This year new equipment has been installed in two rooms by which the lower temperatures can be reached by combination of the circulation system and direct expansion combined. At the time of writing this added facility, in conjunction with those already in use, has been thoroughly tested out, and we find that the temperature in these rooms can easily be lowered to the zero mark.
All of the Oregon Growers Bartlett pears shipped out of the Medford district this season will be precooled and packed in storage. The pears which are picked during the day will be hauled to the plant in trucks during the following night, being allowed to cool down with the night temperature. In the early hours of the morning all pears received during the night will be placed in one of the above described precooling rooms. The temperature in the precooling room will be held at a low point and the heat rapidly withdrawn. During the process of precooling a thrust test will be taken of the pears by which the actual temperature of the inside of the pear will be ascertained. When the pear has been chilled to 32 degrees at the core the entire contents of the room will be removed to a storage room held at a 32-degree temperature and packed under storage. After having been packed the pears will be transferred direct to the refrigeration cars and rolled immediately to their destination or stored in another cold room to be shipped out at a later date.
In the past it has been necessary to ship the crop as soon as or almost immediately after the harvest. This has resulted in overloading the Eastern markets with fruit during a short season. The result has been that the consumption has not been able to keep up with the immediate supply, and low prices to the producer has been the inevitable result. Through the above described methods of precooling and storing it will be possible to feed the fruit to the markets in a gradual and orderly way, which should result in larger returns to the grower.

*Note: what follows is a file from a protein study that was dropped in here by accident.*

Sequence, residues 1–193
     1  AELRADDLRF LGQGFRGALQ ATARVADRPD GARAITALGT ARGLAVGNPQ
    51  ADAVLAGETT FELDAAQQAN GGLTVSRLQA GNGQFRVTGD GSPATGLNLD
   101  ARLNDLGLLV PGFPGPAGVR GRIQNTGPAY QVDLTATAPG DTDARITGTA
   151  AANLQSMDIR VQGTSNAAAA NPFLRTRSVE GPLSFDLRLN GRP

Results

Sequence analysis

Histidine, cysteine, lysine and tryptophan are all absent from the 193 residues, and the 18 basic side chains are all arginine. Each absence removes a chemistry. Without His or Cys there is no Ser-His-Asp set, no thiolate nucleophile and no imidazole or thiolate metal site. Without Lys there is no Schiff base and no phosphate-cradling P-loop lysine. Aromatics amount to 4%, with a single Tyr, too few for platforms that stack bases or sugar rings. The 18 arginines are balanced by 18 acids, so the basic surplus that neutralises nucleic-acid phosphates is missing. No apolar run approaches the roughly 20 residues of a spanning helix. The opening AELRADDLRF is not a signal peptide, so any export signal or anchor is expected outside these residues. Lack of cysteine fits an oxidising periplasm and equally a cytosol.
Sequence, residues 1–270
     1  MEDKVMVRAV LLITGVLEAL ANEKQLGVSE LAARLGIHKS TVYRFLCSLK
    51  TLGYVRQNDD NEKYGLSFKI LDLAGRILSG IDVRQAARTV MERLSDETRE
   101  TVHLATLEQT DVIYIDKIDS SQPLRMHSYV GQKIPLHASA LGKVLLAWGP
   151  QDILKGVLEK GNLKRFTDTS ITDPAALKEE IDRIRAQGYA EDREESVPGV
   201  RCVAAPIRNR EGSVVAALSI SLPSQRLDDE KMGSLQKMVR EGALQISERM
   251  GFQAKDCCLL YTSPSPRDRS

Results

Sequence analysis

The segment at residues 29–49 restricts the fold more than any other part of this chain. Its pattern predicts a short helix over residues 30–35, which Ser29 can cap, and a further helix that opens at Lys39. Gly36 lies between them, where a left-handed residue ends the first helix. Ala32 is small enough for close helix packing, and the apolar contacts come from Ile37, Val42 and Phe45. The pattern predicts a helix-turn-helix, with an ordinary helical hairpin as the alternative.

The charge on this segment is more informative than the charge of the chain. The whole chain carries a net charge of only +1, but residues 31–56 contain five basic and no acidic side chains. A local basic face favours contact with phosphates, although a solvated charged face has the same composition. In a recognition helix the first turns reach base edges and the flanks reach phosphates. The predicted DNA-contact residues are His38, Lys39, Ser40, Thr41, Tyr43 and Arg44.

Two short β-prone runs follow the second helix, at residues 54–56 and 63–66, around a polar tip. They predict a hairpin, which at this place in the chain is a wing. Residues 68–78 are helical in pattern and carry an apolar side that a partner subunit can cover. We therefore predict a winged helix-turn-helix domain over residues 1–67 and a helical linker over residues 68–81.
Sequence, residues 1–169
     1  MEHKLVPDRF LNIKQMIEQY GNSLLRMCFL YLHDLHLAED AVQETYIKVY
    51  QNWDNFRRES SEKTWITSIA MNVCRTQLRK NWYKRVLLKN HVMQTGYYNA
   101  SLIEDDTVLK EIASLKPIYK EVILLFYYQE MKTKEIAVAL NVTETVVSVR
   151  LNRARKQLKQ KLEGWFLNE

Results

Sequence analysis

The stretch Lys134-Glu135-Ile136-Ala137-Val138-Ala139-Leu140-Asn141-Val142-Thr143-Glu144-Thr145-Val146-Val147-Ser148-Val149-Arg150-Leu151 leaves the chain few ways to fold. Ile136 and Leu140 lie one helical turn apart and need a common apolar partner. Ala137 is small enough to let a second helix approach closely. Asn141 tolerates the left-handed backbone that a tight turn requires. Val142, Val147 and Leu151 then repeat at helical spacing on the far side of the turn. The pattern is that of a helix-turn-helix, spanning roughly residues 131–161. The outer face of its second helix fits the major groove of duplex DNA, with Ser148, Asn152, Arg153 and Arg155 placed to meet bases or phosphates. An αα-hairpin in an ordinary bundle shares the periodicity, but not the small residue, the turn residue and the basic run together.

The Rogue River district this year is enjoying one of the best growing seasons it has experienced for several years, with a resulting high quality of fruit. The codling moth is in extremely small evidence in this district this season and fungus infection is practically unknown. The pears are sizing up in an entirely satisfactory manner, and the growers are endeavoring through their harvesting methods to put the pears on the market in a condition which will continue the high reputation which this district has well earned in the past.
The Oregon Grower, magazine of the Oregon Growers Cooperative Assn., August 1923, page 11
News Notes from Rogue River Valley.Medford, Ore., Aug. 3.--A careful check of the apple crop in the Rogue River Valley places the estimate at about 800 carloads. A few weeks ago the estimated crop was about 1,000 cars, but a careful recheck now places the crop at 800 cars. Orchardists have taken better care of their apples this year than in past years, and as a result fruit of much better quality and size will be picked and packed.